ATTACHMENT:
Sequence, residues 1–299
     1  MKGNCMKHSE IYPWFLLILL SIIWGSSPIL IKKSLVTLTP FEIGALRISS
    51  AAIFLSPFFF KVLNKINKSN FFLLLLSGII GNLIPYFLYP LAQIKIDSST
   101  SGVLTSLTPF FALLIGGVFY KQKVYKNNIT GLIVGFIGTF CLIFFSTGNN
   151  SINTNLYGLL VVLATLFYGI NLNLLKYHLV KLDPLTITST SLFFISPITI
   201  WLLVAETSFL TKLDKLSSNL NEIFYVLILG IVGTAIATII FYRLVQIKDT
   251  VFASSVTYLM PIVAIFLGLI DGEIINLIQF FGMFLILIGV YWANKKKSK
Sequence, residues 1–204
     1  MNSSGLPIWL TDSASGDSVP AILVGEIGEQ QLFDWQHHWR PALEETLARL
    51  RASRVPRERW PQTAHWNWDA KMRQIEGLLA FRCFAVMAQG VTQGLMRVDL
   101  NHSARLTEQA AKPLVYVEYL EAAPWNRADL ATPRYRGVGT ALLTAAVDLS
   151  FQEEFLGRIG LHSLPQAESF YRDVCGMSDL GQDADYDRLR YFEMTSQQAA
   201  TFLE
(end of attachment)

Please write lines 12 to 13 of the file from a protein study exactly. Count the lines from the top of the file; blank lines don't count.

   151  FQEEFLGRIG LHSLPQAESF YRDVCGMSDL GQDADYDRLR YFEMTSQQAA
   201  TFLE